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WORLD CUP DAILY REPORT

Bora Still Upsetting Some People

Group D: His Nigerian team rallies for a stunning 3-2 victory over Spain.

June 14, 1998|GRAHAME L. JONES | TIMES STAFF WRITER

PARIS — Bora Milutinovic, a man gifted with a shrewd mind and a largely incomprehensible vocabulary, said something simple and to the point a few days ago.

"We may have lost our last few matches, but it's the next three that count," he said, scoffing at those who had dismissed Nigeria's World Cup chances after a series of poor performances.

Spain's coach, Javier Clemente, also said something interesting before Saturday's clash between the Olympic gold medalists of 1996 and 1992.

"The current team has a winning mentality; it's one of their primary characteristics," he said. "They are born winners."

Right.

Try telling that to the thousands of green-and-white-clad Nigerian fans who sang and danced and cavorted in the stands Saturday afternoon at Stade de la Beaujoire in Nantes after Nigeria had twice come from behind to stun Spain, 3-2.

The Spanish, World Cup quarterfinalists four years ago and one of the favorites this time, were leading, 2-1, with less than 18 minutes to play when they suddenly allowed everything to fall apart.

First, veteran goalkeeper Andoni Zubizarreta, playing in his 125th international game, contrived to palm an admittedly dangerous cross from Garba Lawal into his own net.

The ball had been struck firmly from the left wing, but was running parallel to the net and all Zubizarreta needed to do was pounce on it or push it away for a corner. Instead, he missed it altogether, then thrust out his right arm at the last second and, to the dismay and astonishment of his teammates, turned Lawal's shot into a goal.

That made it 2-2 in the 73rd minute, but worse was to come for Spain.

Five minutes later, the Spanish defense made a hash of clearing a corner kick, again from the left, and the ball fell to Sunday Oliseh, about 20 yards out. Oliseh lashed out with his right foot and sent a shot screaming toward the net.

While Zubizarreta, the Spanish captain, hurled himself to his right, the ball struck the inside of the left post and flashed into the net.

Just like that, a likely 2-1 victory became a 3-2 defeat.

"I'm just so happy," Oliseh said. "It's difficult for an African nation to reach this level and there has been a lot of turmoil. We wanted to win for the 104 million Nigerian people. We deserved the result and they deserve to enjoy it.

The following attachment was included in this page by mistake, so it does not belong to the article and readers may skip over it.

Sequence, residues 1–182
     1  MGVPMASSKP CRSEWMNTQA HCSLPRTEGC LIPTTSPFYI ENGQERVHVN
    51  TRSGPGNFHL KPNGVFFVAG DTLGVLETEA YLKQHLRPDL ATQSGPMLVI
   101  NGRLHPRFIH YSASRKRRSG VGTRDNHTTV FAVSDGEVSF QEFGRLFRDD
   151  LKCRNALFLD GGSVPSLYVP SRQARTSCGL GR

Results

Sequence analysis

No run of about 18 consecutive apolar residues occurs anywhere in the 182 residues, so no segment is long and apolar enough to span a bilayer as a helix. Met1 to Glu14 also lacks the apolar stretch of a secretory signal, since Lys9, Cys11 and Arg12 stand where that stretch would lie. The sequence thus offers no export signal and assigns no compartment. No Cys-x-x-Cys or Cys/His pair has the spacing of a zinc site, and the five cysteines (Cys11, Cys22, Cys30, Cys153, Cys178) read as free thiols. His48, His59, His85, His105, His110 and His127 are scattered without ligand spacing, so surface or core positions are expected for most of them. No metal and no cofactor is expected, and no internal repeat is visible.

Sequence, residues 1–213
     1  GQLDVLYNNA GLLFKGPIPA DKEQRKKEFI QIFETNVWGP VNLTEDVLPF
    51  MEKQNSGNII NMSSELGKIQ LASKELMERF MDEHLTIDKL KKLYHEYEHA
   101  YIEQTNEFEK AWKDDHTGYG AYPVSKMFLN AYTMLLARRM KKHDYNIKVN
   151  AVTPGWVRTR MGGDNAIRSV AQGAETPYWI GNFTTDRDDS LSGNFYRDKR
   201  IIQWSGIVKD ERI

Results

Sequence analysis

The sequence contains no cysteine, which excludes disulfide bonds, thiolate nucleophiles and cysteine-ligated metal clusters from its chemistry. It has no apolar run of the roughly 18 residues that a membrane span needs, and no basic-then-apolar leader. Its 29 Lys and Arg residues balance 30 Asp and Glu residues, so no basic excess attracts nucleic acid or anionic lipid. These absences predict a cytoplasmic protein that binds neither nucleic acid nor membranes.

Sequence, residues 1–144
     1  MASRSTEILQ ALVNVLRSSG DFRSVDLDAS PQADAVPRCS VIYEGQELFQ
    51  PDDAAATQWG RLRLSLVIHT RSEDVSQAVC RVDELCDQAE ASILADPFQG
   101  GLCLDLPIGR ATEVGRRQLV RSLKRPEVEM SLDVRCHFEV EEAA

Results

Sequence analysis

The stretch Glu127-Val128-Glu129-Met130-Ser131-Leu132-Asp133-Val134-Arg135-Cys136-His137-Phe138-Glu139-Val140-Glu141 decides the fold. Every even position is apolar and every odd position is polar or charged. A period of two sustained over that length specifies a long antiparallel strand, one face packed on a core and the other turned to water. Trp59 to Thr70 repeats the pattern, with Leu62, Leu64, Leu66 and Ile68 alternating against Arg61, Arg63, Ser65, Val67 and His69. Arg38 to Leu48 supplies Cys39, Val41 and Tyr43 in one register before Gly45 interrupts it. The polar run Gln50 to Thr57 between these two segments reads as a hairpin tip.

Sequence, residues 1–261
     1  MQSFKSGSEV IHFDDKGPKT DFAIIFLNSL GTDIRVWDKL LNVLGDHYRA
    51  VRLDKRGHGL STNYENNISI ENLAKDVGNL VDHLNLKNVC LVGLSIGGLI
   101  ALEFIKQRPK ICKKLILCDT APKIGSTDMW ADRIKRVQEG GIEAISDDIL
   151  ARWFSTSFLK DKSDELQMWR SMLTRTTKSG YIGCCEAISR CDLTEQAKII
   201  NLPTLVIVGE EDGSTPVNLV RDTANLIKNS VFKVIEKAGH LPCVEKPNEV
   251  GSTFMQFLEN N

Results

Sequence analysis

"It is just a great result after all the hard work we put in."

Spain had not played its best game, but appeared to have done enough to earn the victory. It almost took the lead in the opening seconds when Nigerian goalkeeper Peter Rufai had to dive smartly to his left to turn away a shot from Raul, who a few minutes later hit the crossbar with another shot.

Spain eventually took the lead on a well-taken free kick by Fernando Hierro in the 21st minute, the ball curling around the Nigerian defensive wall and into the upper-right corner. Rufai was completely baffled by the shot.

But Nigeria was unperturbed. It tied the score four minutes later when Mutiu Adepoju leaped between two taller defenders, Hierro and Kiko, to head in a corner kick from Lawal on the right.

The score remained tied until a couple of minutes into the second half, when the petulant Raul finally was rewarded for his industry. The Real Madrid star sprinted onto a long pass from Hierro and volleyed it into the net past the startled Rufai. The goal set Spanish fans singing in the stands.

But it was the Nigerians whose voices were loudest at the final whistle.

"A lot of the things the critics were saying about us were true," midfielder Finidi said. "But one match, one win and everything changes--that's football."

Clemente, who lost for only the fourth time in his six years in charge of Spain, was numbed by the defeat.

"It was a very difficult game for us, and a very difficult result to take," he said. "You can't take anything away from Bora's team. They scored three goals, which is always hard to do at this level."

As for Bora, he was beaming. He is now only one victory away from becoming the first coach in history to lead four countries into the second round of the World Cup. First Mexico, then Costa Rica, then the United States and now Nigeria.

"It is an emotional moment because I didn't really expect it," he said. "The players fought for all the game and they showed excellent concentration, [but] this is only one step. Our luck is in now, but we need at least five points to qualify for the second round."

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